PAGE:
Reading Recovery, or regression?

KPS is using a reading program that recent studies show to be ineffective and potentially harmful. A concerned mother turns to NowKalamazoo as her questions go unanswered by the district.

Five months ago, Susan O’Connor began writing to administrators at Kalamazoo Public Schools about an early elementary school literacy intervention program that has been all but discredited by recent research.

A librarian and data specialist with two elementary school kids at KPS herself, it was a point of inquiry both professional and personal. She spoke at Board of Education meetings and emailed links to studies, reports, news articles, and specialized podcasts all underscoring her main question: will the district keep using this program?

It is a particularly vital probe in Kalamazoo, as recent test scores show that 44.4% of KPS third graders are not proficient compared to the statewide average of 33.9%.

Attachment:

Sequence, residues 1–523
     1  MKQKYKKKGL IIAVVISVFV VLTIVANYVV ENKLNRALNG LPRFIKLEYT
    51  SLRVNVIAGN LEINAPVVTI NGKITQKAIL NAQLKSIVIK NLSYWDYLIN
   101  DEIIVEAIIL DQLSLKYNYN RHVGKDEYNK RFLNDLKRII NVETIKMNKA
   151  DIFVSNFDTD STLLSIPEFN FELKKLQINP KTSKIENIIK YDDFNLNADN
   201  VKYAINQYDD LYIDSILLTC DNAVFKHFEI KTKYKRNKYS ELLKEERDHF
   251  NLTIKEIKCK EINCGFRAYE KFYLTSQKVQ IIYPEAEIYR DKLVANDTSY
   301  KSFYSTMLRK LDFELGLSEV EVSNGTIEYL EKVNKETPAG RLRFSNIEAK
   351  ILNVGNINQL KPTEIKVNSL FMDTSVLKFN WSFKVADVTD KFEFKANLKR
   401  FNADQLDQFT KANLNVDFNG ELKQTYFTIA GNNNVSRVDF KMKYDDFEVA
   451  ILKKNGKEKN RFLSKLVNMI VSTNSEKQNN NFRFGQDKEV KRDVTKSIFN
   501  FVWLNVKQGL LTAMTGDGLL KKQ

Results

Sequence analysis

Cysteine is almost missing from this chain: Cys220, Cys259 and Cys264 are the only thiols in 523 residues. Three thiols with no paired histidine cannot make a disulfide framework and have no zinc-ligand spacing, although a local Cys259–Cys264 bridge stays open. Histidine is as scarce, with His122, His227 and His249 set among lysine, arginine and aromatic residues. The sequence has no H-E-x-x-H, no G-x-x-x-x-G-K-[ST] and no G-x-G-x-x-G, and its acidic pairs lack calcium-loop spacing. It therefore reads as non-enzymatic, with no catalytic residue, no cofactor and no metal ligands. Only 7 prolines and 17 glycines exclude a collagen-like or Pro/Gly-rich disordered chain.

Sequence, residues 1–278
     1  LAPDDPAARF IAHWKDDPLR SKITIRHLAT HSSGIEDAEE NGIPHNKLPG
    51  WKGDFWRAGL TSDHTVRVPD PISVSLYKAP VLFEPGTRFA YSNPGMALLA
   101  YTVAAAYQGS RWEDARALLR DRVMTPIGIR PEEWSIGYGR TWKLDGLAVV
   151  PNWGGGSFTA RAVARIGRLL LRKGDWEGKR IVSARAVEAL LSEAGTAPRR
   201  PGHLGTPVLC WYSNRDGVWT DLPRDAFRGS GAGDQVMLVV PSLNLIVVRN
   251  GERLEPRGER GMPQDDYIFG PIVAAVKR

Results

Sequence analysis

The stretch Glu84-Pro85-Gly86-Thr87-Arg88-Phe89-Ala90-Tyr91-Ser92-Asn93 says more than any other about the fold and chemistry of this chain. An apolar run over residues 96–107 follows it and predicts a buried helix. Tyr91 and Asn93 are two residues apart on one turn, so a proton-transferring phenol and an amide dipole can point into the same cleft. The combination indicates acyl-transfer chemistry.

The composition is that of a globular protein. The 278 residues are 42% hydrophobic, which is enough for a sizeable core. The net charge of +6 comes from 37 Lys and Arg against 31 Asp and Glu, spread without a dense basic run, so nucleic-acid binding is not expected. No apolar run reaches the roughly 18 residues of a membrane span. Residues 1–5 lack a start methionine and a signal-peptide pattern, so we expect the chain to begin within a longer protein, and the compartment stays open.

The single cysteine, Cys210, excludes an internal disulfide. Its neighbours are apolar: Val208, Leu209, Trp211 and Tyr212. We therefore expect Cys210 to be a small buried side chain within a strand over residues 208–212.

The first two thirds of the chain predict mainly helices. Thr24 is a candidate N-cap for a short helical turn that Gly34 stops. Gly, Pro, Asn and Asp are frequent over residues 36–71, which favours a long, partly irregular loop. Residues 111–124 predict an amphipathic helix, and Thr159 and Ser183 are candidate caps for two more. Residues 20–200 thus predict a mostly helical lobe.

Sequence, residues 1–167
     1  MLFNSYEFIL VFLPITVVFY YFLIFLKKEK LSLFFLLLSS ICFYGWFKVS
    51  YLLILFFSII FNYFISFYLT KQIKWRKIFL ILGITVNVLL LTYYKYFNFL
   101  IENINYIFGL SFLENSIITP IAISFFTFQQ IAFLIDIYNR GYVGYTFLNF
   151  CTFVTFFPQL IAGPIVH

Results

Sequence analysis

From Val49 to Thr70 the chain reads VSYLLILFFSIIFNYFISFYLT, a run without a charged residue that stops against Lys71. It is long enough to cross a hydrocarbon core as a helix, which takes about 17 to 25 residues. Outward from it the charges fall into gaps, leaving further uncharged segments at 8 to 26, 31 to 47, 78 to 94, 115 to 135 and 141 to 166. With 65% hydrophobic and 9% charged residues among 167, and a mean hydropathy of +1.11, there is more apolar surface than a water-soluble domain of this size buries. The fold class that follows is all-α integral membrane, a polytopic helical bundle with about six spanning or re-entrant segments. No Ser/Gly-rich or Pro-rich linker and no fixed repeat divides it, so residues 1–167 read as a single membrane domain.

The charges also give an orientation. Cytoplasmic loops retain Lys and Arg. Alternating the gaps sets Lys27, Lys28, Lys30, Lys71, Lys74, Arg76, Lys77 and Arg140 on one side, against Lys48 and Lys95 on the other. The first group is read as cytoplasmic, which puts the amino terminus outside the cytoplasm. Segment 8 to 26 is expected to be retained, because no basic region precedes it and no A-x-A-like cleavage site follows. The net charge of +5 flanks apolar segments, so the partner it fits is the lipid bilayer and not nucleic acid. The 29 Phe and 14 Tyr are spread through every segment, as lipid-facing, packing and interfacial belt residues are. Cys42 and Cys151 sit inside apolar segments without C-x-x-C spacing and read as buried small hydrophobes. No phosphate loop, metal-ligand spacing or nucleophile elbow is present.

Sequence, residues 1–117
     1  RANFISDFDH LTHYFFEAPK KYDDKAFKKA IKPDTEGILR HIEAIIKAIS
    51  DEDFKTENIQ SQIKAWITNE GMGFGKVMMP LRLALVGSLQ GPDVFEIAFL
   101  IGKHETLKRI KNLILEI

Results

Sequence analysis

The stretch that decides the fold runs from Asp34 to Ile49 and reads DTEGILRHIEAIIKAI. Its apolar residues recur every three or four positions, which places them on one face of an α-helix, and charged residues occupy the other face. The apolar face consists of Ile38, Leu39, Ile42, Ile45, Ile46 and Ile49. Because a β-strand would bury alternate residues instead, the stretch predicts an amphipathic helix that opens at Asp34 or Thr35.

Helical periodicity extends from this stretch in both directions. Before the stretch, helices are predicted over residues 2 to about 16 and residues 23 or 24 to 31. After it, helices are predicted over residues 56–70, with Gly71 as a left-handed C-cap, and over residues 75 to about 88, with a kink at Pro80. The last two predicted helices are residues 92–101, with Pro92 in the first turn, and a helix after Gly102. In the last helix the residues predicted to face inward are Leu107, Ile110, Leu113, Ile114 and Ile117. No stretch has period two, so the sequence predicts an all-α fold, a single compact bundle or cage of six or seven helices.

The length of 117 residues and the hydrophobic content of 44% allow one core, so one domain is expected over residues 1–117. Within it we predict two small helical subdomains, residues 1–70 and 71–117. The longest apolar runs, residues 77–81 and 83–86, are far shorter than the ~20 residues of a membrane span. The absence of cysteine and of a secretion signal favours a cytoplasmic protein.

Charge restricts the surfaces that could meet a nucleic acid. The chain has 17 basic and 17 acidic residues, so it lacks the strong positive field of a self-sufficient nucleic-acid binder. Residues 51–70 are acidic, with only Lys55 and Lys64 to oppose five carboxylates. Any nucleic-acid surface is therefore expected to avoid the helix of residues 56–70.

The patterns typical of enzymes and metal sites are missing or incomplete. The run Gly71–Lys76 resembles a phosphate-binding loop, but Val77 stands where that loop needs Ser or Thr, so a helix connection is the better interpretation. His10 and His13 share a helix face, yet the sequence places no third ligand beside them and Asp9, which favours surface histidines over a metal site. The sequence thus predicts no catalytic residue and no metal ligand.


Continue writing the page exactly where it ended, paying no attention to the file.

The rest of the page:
Reading Recovery has been around for half a century, first in New Zealand, and then in the United States in the mid 1980s. It’s aimed at first graders with the lowest reading skills. It teaches those kids to memorize words and to make educated guesses as to what more difficult words are in a sentence, often with visual hints like pictures.

Studies show that while this may be successful for kids who need to pass a particular test in first grade or attain grade level proficiency, those are nearly always short-term gains that are either stunted or lost only a few years later. 

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“There are kids who get through first, second, third grade can’t actually spell the word zebra, but all the books at school that show the zebra and they are smart and can guess the word,” said Heather Eckner, a former educator and now Director of Statewide Education at the Autism Alliance of Michigan. “The theory is if you keep exposing kids over and over again, by default of exposure their brains are supposed to just click. Science has shown that’s not how it happens in the brain.”